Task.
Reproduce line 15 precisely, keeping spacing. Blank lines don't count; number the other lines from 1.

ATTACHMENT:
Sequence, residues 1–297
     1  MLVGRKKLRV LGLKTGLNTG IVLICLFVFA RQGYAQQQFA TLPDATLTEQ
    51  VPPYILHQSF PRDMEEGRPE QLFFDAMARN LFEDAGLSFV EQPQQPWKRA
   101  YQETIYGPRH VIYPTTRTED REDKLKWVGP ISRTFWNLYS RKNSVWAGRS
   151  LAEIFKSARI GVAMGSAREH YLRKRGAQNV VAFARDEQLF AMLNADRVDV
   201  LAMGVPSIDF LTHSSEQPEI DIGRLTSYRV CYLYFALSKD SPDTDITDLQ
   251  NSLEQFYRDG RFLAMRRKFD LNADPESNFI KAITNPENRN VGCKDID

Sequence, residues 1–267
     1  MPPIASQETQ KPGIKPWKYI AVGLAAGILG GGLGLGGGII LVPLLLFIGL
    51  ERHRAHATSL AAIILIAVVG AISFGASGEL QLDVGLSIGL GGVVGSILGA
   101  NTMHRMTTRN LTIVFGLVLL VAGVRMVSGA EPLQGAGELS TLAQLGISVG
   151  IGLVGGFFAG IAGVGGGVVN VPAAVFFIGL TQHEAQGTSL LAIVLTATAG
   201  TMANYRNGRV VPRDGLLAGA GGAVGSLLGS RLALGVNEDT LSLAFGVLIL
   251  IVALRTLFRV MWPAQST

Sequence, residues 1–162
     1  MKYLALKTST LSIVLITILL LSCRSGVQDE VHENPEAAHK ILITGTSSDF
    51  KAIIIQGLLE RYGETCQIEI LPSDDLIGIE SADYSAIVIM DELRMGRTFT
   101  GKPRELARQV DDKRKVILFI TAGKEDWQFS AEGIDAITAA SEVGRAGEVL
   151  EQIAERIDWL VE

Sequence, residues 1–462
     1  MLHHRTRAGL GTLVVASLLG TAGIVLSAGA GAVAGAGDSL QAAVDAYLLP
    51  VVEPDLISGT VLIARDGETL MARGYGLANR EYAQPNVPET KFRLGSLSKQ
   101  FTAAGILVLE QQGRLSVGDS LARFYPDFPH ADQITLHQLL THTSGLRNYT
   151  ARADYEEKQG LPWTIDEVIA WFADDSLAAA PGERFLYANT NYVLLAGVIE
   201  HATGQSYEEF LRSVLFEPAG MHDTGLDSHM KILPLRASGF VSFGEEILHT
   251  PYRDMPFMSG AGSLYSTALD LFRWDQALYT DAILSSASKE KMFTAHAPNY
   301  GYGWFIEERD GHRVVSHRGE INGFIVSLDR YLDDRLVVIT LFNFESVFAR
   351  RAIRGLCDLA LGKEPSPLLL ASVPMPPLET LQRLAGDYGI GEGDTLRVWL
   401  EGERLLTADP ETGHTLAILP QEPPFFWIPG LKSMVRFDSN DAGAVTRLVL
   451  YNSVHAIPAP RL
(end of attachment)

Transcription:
Sequence, residues 1–162